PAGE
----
Budget 2022 will increase poverty and leave vulnerable behind

Failure to link core welfare rates to inflation means many will be worse off

Minister for Finance Paschal Donohoe: The budget shows that Government policy is not focused on achieving the objectives of reducing poverty and promoting social inclusion. Photograph: Gareth Chaney/Collins

Minister for Finance Paschal Donohoe: The budget shows that Government policy is not focused on achieving the objectives of reducing poverty and promoting social inclusion. Photograph: Gareth Chaney/Collins

 

Budget 2022 is the second budget produced by this Government and demonstrates a disappointing and worrying trajectory. It reveals a Government that is not focused on protecting Ireland’s most vulnerable. While Government can itemise which individual national roads are to be built or upgraded, it has not even tried to outline a real and effective pathway towards reducing poverty and social exclusion. Its actions clearly show this Government has failed, to date, to commit to leaving nobody behind. This is most regrettable.

The budget shows that Government policy is not focused on achieving the objectives of reducing poverty and promoting social inclusion. While many of those with jobs will receive a welcome pay increase in the coming year, the failure to raise core social welfare rates by €10 a week means that many of those depending on social welfare payments will fall further behind the rest of society.

While there are some benefits for people who are poor and vulnerable, these are not of sufficient scale to even allow the weakest to stand still. The Government’s claim that an increase of €5 in the fuel allowance makes up for the low increase in welfare rates ignores the fact that large numbers of poor people do not have access to the fuel allowance. Instead, Ireland’s 630,000 people living in poverty – more than a quarter of whom are children – will be worse off in real terms.

The Government also failed to commit to benchmarking core social welfare rates to 27.5 per cent of average weekly earnings over two years. The failure to commit to this benchmark, and to increase core social welfare rates by €10 in Budget 2022 means that the vulnerable have been left behind for a third successive budget and the gap between those living in poverty and those who aren’t will grow. The increase of €5 per week in core social welfare rates shows that the Government is not serious about meeting its own anti-poverty commitments in the Roadmap for Social Inclusion 2020-2025.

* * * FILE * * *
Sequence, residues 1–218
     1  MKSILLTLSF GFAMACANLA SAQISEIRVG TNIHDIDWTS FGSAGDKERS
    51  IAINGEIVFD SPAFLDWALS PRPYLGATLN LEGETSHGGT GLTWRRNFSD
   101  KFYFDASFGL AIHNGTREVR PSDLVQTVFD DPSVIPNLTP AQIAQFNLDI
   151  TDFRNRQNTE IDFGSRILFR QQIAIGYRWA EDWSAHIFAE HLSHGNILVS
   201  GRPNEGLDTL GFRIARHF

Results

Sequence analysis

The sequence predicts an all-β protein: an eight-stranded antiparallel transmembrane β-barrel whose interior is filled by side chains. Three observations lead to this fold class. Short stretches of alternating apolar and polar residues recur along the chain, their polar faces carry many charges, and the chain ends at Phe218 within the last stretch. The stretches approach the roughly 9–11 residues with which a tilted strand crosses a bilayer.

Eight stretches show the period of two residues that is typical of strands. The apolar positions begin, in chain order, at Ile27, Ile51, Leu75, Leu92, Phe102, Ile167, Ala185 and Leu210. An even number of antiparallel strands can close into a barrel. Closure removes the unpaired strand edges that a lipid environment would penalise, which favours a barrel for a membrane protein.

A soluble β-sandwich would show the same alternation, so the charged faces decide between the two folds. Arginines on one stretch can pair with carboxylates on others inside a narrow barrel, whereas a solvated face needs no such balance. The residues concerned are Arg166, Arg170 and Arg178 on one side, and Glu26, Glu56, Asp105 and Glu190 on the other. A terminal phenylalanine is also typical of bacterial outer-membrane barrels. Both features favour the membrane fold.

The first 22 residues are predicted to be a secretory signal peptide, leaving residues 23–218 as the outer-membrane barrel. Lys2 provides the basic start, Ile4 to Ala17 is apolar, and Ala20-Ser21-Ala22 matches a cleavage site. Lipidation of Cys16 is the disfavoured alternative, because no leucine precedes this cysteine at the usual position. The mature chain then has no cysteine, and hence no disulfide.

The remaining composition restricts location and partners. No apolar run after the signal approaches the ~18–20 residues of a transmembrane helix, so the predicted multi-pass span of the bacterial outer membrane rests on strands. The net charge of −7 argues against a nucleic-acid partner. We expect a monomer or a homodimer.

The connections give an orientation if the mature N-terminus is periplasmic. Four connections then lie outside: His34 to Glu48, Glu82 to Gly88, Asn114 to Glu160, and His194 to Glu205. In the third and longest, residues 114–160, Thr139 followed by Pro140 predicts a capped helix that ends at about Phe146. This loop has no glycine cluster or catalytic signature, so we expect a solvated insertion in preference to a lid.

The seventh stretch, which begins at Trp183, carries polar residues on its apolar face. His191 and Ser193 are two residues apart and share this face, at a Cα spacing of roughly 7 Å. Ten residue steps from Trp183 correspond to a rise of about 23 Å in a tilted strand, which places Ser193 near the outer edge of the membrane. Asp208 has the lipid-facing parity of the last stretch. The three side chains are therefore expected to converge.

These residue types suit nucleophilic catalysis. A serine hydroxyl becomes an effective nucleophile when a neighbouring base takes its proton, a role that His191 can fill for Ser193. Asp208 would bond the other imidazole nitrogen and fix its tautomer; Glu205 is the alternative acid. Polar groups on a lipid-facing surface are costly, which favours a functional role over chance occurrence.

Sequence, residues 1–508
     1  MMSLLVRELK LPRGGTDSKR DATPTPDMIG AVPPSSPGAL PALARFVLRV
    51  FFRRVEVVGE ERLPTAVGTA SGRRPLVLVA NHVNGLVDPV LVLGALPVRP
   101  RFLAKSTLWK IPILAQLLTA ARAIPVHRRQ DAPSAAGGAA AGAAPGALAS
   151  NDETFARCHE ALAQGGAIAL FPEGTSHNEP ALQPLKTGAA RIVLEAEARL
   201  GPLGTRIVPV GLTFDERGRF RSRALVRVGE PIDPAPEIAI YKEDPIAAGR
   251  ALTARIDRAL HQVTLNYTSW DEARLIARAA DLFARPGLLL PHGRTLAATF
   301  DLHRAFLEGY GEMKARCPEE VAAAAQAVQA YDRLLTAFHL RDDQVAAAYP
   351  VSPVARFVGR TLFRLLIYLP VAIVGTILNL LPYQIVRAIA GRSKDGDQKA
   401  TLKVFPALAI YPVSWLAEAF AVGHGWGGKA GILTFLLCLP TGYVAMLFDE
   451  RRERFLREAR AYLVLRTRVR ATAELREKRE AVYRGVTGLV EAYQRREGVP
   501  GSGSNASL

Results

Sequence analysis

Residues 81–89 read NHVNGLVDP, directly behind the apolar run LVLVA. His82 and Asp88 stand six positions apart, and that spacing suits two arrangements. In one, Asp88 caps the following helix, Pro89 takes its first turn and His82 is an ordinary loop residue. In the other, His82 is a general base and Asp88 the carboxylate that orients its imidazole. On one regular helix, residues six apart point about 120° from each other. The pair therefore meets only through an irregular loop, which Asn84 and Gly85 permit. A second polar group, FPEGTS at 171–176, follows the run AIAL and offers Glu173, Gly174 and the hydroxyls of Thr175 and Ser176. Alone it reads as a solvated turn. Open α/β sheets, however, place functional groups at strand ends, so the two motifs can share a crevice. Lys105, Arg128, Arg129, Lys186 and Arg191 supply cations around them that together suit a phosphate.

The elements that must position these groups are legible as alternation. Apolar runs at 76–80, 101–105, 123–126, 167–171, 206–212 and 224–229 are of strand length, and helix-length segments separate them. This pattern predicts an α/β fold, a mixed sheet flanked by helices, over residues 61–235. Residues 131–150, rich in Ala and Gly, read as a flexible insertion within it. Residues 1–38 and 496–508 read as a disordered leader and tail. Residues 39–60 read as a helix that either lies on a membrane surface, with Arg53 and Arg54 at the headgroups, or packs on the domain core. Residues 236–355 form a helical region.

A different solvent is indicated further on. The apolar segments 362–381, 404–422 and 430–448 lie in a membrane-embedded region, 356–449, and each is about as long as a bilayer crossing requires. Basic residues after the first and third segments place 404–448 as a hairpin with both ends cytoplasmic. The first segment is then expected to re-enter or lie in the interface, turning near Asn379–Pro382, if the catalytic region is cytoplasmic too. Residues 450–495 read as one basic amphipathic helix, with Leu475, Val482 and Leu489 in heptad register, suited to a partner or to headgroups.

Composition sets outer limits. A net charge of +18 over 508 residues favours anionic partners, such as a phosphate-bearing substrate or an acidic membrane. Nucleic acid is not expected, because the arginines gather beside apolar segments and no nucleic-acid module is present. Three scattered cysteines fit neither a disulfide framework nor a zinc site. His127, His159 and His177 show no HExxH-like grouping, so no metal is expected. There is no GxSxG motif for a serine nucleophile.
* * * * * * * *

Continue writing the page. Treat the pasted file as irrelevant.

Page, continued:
Comprehensive research

There is comprehensive research to show that the social welfare system is the key to reducing poverty in Ireland. Welfare payments target those most in need within Irish society. They also play a central role in alleviating poverty. Without the social welfare system four in every 10 of the Irish population would have been living in poverty. However, welfare payments reduced the poverty rate by almost 29 percentage points to 12.8 per cent. Thus, when budget resources are focused on the welfare system they assist those who need most help. Conversely, when a budget provides limited resources to the welfare system it undermines the living standards and needs of the weakest in our society.

The most recent research on poverty in Ireland is based on 2019 data and shows that the numbers in poverty were almost identical to 10 years previously. In the years in between, there had been a spike in poverty but this was followed by a series of budgets which, for the most part, distributed resources more equitably to lower-income households. In the last two budgets, however, the Government reversed this approach and chose not to increase core welfare rates. Due to a failure to act in previous budgets, core social protection rates are less than they were, in real terms, three years ago. Our consistent message to Government ahead of this budget was to ensure that households with the least resources and the greatest needs did not experience further exclusion. But Budget 2022 has failed in this regard.

Regressive option

It is billed as a “cost of living” budget, but in Budget 2022 the Government chose not to benchmark core social welfare payments to average weekly earnings, and instead chose the regressive option of increasing core welfare rates by less than the rate of inflation. Inflation has been 3.9 per cent since January 2020 and is set to rise between 2 and 3 per cent in 2022. This means that an increase of €5 in core welfare rates and pensions fails to maintain the purchasing power of the poorest and most vulnerable people in Irish society. By addressing a little of the needs of these groups, the Government can pretend it is addressing poverty when clearly it is not.

Poverty impacts hardest on those experiencing it in their day-to-day lives. It limits their options and opportunity and narrows their focus to week-to-week survival and the unavoidable trade-offs of living on inadequate incomes. Although Budget 2022 includes measures – including increases to the living alone and fuel allowances and to the qualified child payment – which are welcome, it lacks any serious initiatives to begin to significantly reduce poverty.

A lesson from past experiences of economic recovery and growth is that the weakest in our society get left behind unless welfare increases keep track with increases elsewhere in the economy. If divides open up, as in the late 1990s, poverty for this group will rise.

The fundamental test for every government is whether, when it leaves office, those with the least in our society are in a better position than when it entered office. The choices that this Government has made in Budget 2022 will see the number of people in poverty grow.

Michelle Murphy is research and policy analyst with Social Justice Ireland

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